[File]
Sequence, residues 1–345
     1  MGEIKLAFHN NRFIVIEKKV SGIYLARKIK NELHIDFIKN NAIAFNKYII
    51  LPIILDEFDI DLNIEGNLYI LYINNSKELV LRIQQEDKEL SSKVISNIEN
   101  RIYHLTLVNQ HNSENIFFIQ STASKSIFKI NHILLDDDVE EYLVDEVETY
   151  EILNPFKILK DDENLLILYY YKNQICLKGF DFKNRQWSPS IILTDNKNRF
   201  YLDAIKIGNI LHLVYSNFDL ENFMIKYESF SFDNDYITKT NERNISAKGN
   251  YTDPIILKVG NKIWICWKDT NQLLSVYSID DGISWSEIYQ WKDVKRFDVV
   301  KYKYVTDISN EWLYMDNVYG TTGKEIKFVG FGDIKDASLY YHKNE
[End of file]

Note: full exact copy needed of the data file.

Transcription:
Sequence, residues 1–345
     1  MGEIKLAFHN NRFIVIEKKV SGIYLARKIK NELHIDFIKN NAIAFNKYII
    51  LPIILDEFDI DLNIEGNLYI LYINNSKELV LRIQQEDKEL SSKVISNIEN
   101  RIYHLTLVNQ HNSENIFFIQ STASKSIFKI NHILLDDDVE EYLVDEVETY
   151  EILNPFKILK DDENLLILYY YKNQICLKGF DFKNRQWSPS IILTDNKNRF
   201  YLDAIKIGNI LHLVYSNFDL ENFMIKYESF SFDNDYITKT NERNISAKGN
   251  YTDPIILKVG NKIWICWKDT NQLLSVYSID DGISWSEIYQ WKDVKRFDVV
   301  KYKYVTDISN EWLYMDNVYG TTGKEIKFVG FGDIKDASLY YHKNE